Do you know how many different tomato varieties there are? Well, neither do I but I think a safe answer is lots and lots. If you are anything like me then you want to taste them all, and have a few of your favorites keep coming around.
But how to accomplish this massive feat?
The idea was simple. Show up with one perfectly ripe, correctly identified homegrown tomato and add it to the tasting table. Well people did just that. In fact there were so many tomatoes that I stopped keeping track of all the varieties at about 85. Thatâ€™s 85 different kinds of tomatoes!
The event was held at the brand new Loteria location 6627 Hollywood Blvd. which is going to become Sups! new hang, so look for me there. Thatâ€™s because the folks at Loteria Grill were perfect hosts. And, boy did they know how to make their guests happy and get everyone’s taste buds primed and ready for the tasting. They did this in true south of the border Loteria style; with plenty of tomato blessed amuse bouche for the maniacs to sample.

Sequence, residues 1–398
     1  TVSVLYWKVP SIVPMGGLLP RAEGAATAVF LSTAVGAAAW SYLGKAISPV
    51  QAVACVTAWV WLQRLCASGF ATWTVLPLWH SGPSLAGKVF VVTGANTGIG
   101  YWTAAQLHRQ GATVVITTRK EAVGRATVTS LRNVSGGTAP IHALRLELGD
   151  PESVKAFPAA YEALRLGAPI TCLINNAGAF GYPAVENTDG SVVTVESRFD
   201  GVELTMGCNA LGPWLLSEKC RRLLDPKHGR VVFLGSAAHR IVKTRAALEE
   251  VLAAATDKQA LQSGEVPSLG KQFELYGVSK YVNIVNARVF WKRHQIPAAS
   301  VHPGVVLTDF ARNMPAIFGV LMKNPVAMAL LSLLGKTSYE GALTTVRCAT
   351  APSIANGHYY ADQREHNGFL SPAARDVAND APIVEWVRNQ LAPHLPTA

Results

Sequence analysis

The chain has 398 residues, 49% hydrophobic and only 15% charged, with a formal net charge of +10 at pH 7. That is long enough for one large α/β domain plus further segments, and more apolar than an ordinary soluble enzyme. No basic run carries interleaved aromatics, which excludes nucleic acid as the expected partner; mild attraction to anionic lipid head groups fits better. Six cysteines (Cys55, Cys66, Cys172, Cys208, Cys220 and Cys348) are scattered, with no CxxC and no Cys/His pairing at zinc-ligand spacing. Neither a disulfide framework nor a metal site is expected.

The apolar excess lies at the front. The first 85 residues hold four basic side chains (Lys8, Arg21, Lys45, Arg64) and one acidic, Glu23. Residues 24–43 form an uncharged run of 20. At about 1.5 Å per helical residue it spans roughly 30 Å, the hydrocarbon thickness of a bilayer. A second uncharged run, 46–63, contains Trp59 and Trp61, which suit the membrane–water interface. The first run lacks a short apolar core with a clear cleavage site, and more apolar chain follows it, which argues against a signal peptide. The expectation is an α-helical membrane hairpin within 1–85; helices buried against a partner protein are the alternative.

There was a creamy tomato soup, served shooter style in shot glasses. Which, of course was very appreciated by the still wired shut Sup! This soup was creamy and substantial, but never lost that sweet shock of acidity that defines really good tomatoes. Too many creamed tomato soups fall victim to what I call the fat-tongue disease… all fullness with no tingle.
And what would a trip to Loteria be with out a few chips and great tasting salsa. Of course chips would count as a â€œchew foodâ€ so I had to pass. But Jimmy did not disappoint me in the salsa department because he provided three distinct and sophisticated salsas. He was even nice enough to offer me a straw too, so I can safely say that they were all delicious. Though my favorite was the smoky Chipotle Ahumada. I am sure it was great with the chips, but I saw many of the culinarily astute slathering salsa on top of the hot moyetes that were being passed around.
A moyete is a sort of open-faced Mexican breakfast â€œbruschettaâ€. It is traditionally served on French bread (yes you read that correctly) with refried beans and queso. Salsa is the perfect accompaniment too.